The whole question of mould started as a simple nuisance in home maintenance but with experience and research has become a major element of creating and maintaining a healthy house. Of course, whenever research develops over time, recommendations change and things can get quite confusing.
Mould grows where there is constant moisture, warm temperatures and ideally something organic to feed on like wood, wallpaper glue or even the paper on drywall. Even if you clean-up mould, it will come back quickly if the moisture is still there to feed it. To avoid mould, or to prevent it from coming back after clean-up, you must control water leaks, control indoor humidity and find a way to warm up cold surfaces -- usually with either air sealing, insulation or air circulation. You need to avoid cold surfaces because they cause condensation, which is water, which grows mould. But let us concentrate here on cleaning.
One of the most common confusions is whether to use bleach or not to clean up household mould. You are right, bleach was recommended by everyone a few years ago, and in fact the standard formula was 8 parts water for 1 part straight laundry bleach. Today, bleach is not recommended in most cases of mould clean-up. Rather it is recommended to use unscented detergent and water, that's all. Why unscented? So that when it dries you can smell if there is still any mould that needs to be cleaned up, given that the human nose is incredibly skilled at detecting the presence of mould - that musty smell.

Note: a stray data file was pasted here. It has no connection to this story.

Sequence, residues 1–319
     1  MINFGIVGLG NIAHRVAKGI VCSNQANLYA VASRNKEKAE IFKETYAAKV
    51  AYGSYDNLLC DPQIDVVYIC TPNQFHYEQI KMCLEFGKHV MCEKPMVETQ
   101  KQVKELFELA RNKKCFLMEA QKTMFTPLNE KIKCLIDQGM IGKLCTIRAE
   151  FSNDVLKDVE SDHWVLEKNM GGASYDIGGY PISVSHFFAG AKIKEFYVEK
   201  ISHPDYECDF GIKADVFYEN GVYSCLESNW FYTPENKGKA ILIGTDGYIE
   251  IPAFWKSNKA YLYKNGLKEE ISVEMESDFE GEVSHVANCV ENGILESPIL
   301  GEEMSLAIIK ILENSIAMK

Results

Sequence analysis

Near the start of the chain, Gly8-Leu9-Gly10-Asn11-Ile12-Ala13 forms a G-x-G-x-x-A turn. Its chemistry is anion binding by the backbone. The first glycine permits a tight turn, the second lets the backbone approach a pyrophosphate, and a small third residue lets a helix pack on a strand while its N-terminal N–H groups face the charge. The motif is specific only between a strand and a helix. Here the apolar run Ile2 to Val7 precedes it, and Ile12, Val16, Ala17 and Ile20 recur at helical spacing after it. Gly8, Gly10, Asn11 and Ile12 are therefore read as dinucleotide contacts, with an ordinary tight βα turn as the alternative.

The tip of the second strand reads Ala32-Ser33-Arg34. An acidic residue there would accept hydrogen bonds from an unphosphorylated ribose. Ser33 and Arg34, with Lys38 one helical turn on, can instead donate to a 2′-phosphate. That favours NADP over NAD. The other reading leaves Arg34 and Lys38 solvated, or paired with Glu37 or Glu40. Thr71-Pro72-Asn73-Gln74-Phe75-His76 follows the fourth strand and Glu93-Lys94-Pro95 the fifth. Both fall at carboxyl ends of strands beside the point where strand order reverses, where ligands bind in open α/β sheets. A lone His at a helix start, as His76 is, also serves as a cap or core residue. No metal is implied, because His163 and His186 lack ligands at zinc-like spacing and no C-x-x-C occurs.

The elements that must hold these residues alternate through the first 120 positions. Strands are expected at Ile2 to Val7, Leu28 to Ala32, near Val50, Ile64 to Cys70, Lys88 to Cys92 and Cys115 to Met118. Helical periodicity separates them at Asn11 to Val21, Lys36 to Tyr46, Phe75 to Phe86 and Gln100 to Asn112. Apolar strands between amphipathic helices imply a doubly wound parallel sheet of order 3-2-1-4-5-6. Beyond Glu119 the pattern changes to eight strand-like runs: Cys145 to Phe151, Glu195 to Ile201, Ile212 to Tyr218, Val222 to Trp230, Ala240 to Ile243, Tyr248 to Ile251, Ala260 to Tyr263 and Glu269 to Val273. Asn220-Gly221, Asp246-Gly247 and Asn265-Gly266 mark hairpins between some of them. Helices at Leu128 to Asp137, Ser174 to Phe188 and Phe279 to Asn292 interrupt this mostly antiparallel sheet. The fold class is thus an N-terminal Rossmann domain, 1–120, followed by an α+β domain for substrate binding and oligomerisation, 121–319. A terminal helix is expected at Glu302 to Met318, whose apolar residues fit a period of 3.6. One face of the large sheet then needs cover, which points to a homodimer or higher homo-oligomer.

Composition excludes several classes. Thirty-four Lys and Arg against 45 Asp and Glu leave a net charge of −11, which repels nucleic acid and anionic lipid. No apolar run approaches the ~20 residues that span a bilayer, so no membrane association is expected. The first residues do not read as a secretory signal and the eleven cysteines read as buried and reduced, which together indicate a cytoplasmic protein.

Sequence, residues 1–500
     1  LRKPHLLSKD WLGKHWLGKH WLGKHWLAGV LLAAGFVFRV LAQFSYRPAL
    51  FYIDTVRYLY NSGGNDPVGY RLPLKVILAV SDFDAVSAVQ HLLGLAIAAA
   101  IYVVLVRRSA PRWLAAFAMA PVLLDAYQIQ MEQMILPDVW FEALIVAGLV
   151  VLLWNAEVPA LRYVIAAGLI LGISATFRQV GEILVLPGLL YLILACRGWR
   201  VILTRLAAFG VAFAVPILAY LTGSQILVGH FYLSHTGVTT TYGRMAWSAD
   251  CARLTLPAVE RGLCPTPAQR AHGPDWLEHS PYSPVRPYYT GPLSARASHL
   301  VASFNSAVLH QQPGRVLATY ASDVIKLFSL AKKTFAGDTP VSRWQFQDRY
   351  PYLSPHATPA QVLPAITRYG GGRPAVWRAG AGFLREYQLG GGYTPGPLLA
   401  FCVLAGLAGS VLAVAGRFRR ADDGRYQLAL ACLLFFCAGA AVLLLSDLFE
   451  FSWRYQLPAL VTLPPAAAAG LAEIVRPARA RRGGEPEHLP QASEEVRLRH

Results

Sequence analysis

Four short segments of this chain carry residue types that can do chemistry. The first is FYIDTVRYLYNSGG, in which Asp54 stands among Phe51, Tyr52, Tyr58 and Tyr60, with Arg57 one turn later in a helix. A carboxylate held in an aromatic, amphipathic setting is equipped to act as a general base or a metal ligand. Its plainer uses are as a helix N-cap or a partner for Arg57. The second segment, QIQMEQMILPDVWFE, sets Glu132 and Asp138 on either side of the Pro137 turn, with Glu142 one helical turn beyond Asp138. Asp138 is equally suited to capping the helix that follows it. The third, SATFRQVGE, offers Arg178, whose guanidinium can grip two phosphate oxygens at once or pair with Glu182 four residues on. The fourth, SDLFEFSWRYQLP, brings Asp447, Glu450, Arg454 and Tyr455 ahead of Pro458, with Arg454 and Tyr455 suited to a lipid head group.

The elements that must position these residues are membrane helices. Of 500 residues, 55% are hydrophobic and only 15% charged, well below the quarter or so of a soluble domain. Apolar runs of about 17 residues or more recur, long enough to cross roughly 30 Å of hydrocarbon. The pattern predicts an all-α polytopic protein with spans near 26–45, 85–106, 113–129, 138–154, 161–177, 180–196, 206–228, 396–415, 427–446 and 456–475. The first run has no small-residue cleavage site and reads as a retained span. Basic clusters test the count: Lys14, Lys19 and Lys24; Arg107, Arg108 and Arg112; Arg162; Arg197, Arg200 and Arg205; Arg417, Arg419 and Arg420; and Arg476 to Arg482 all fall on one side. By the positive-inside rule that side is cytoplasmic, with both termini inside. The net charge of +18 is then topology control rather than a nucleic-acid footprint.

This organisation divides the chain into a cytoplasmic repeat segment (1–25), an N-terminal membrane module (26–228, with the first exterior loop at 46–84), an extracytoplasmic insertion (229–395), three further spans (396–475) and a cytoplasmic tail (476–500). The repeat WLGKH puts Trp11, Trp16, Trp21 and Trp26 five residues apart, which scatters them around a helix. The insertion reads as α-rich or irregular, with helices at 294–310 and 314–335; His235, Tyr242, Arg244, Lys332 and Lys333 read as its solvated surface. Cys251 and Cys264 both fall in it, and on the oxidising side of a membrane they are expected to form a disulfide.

Bleach or other disinfectant may still need to be used if you are cleaning up a sewer back-up or a toilet overflow, something that has bacteriological contaminants in it. But bleach is now seen to be overkill for most needs, and dangerous to use.
Why is bleach dangerous? If you mix bleach with ammonia, it will produce a highly toxic gas - right in your face. Many household cleaners have bleach in them and many more have ammonia in them. That is why government bodies have become worried about suggesting that people mix bleach with anything. TSP is a good unscented cleaner, but if concentrated it is corrosive. Protect your skin and your eyes while working. Wear a mask as well to protect your lungs.
Why don't we need to kill the mould? For most of the mould in our houses, it is not the mould itself that bothers us, but by-products of the mould. Hence, dead mould can still raise havoc with allergies, because those by-products are not affected by the disinfectants. We have to clean-up and remove all traces of the mould. For more details on the three categories of mould (allergen, infectious, poisonous), as well as the debate between the spellings of mould and mold, see "Just What Is Mould Anyway?".
Today's recommendations also make a distinction between when simple cleaning procedures that you can do yourself are adequate, and when the problem is so big that you and your house need protection from the cleaning procedure itself. Spreading massive quantities of mould spores all around the house is not a good thing. Generally if all the mould together is smaller that a patch 3 feet by 3 feet, it is felt that you can tackle it yourself with some basic precautions. If you use a vacuum cleaner, you must use a special HEPA filter or you will just be spewing fungal spores all over the house. Simply scrape it up, wipe it up, and dispose of everything including your mask, gloves and double wash your clothes by themselves. When there is more mould than three feet by three feet, or it is deep inside the walls, call in a professional who is specifically trained to deal with mould, protect himself and protect your house at the same time.
The Canadian bible on cleaning up mould is published by the CMCH: Clean-up Procedures for Mold in Houses. The Canada Mortgage and Housing Corporation have also established a training and certification program for professional clean-up of mould. If you are interested in entering this field yourself, or are looking for someone in your area that is certified by the CMHC Residential Indoor Air Quality Investigator Program, call toll-free at 1-800-668-2642.